JP, the 19 year old American I met in Heidelberg, Germany, is now an educator in Illinois. The only person I met in Berlin who kept in touch with me was Andres Seifart, who came to visit me in 1994. He was unimpressed with Canada, except for seeing a refrigerator that produced ice cubes. I suppose he thought we chipped them out of the lake when we needed them.
Kersten, the kind gay man in Copenhagen who put me up twice, went to India in the winter of 1992, as he had done for several years. He fell ill in southern India and caught a train back to Delhi where he knew a western doctor. He survived the train ride and caught a rickshaw taxi to the hospital where he died an hour and a half later, according to his brother.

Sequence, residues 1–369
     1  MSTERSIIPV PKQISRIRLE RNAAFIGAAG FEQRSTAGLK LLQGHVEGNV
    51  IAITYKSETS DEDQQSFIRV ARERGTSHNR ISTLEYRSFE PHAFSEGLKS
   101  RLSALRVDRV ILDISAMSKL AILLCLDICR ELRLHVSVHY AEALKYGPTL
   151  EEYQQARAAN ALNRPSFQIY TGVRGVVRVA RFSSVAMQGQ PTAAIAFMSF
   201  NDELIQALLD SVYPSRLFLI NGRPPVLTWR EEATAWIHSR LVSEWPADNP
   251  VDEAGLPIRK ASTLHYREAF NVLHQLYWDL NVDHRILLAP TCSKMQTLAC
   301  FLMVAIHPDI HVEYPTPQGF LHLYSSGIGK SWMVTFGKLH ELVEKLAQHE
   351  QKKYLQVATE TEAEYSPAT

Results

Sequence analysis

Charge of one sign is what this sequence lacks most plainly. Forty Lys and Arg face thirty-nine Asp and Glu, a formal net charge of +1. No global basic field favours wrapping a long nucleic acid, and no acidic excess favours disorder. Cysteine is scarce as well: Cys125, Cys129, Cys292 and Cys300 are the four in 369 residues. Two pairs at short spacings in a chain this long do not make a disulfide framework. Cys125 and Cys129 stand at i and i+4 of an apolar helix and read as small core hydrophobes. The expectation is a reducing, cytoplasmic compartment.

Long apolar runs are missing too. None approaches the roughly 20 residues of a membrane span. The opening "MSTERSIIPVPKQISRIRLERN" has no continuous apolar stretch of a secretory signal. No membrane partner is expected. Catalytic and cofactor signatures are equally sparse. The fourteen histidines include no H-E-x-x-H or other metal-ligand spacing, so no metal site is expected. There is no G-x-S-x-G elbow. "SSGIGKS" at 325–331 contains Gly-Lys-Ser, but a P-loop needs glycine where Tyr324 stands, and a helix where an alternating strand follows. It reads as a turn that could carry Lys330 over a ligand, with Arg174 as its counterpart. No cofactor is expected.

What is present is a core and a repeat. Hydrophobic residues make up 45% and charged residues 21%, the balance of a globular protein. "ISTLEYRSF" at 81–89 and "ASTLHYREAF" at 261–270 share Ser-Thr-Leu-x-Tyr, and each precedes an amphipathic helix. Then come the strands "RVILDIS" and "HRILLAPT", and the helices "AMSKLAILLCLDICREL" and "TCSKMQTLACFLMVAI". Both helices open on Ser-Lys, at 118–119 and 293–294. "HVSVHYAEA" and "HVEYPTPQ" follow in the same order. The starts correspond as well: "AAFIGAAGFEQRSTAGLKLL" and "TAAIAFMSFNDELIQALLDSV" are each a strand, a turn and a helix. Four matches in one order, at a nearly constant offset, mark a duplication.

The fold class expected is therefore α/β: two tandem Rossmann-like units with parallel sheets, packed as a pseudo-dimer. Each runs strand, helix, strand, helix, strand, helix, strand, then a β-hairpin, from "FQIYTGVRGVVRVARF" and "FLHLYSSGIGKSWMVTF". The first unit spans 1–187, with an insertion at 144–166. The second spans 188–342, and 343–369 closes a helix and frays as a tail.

Leif Villars-Dahl is still a lawyer in Oslo. We only stayed in touch for a year after the trip.
I did not hear from Frenk, Irena or Bojan for a full year after our time together in Split during the outbreak of the war in Croatia. Bojan eventually wrote to me to tell me that they all made back to Slovenia safely. Here I had been worries sick all this time, fearing that they had been killed or something worse.
I have learned recently that Charles Trico is still operating Charles' Hole In The Wall in Gibraltar, but neither he nor anyone else in my blog not mentioned above contacted me after I wrote to them.
In 1995, my position in the City of Toronto was deemed redundant in a downsizing and I was offered a generous severance. I left Toronto in July 1996 to move back to Vancouver, where I have lived ever since. I learned in late1997, after being diagnosed with muscular dystrophy in June of the same year, that the disease took off during my year of travel n bicycle. It may have been caused by the prolonged exertion, launched that year earlier than it might have otherwise started or it began that year by pure coincidence. I guess I will never find out.